PyPkg is a unified system for distribution and deployment of software, with an initial focus on Linux. It is intended to enable a "direct link" between the provider and user, where dedicated deployment tools obtain software directly from the provider on the user's behalf. It can be likened to advanced package management systems like APT (Debian) or Portage (Gentoo), but unlike these PyPkg doesn't introduce an extra distribution layer nor is it particular to any Linux distribution. In fact, the intention is, given time, to implement support for other operating systems as well.
The "direct" quality of the PyPkg distribution layer is achieved by a decentralized model. Individual software projects describe themselves and their software according to a general RDF format, in documents hosted somewhere on the Web. Projects must be registered with a central index in order to be visible to interested parties. Updated information (such as new software releases) is transmitted directly though, by editing projects' decentralized RDF descriptions.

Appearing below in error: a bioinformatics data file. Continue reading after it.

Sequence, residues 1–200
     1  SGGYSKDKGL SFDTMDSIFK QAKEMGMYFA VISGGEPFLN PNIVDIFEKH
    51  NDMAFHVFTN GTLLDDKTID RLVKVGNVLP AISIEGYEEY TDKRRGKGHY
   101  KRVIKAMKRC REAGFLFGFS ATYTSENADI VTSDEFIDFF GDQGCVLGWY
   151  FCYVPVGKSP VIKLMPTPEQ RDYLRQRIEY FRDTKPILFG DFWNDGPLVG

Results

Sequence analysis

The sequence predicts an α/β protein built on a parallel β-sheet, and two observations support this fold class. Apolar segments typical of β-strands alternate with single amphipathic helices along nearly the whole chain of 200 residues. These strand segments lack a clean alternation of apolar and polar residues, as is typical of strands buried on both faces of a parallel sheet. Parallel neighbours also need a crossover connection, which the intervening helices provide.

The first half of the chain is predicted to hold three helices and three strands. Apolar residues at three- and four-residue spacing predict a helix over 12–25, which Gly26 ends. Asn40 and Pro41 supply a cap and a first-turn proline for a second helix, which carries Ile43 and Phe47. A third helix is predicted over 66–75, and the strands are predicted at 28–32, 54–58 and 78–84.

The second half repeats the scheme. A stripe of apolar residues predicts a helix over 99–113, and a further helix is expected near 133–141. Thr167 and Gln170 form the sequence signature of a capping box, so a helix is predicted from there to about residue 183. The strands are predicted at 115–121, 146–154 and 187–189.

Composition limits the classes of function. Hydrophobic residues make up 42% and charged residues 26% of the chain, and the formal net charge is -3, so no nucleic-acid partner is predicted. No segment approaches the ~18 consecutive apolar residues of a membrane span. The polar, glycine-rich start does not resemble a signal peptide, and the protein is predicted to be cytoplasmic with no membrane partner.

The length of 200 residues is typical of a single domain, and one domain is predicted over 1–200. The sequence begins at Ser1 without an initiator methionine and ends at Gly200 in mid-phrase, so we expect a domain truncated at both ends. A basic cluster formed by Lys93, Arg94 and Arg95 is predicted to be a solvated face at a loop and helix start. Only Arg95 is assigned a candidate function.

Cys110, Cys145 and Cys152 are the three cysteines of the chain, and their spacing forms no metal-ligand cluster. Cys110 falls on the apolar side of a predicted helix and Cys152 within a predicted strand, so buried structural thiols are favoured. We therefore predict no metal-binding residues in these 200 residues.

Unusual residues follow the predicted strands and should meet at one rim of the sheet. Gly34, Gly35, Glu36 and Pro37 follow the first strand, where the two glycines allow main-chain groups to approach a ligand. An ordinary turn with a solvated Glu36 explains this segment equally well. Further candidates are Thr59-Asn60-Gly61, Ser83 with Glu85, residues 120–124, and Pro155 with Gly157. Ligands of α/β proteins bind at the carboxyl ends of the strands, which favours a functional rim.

The RDF format is an extension of the DOAP (Description Of A Project) vocabulary, which acts as a completely general source of metadata about software projects. Information presented in the DOAP format can be mined for any number of purposes, including visual presentation. PyPkg extends DOAP with some special terms for describing deployment-related properties of project releases, for instance to declare dependencies on external software. This extended information is utilized by PyPkg deployment agents, to help automate all aspects of deployment processes.
PyPkg facilitates software deployment on Linux through a generic Python framework. On the basic level it manages installation and uninstallation of binary packaged software, due to the package format being descriptive these processes are fully controlled by the framework. For full flexibility the framework is able to install on a per-user basis, so administrative privileges are not required. The installation logic is, similarly to advanced package management systems, equipped with the ability to automatically handle dependencies and acquire packages. Conversely, when uninstalling, dependencies are considered for removal as well.
The framework is intended to support the creation of concrete PyPkg clients for different types of usages, currently there is one client: PyPkg.Installer. This is a straightforward "wizard"-style installation agent, presented through a Qt GUI, aimed at installing a particular package (with dependencies).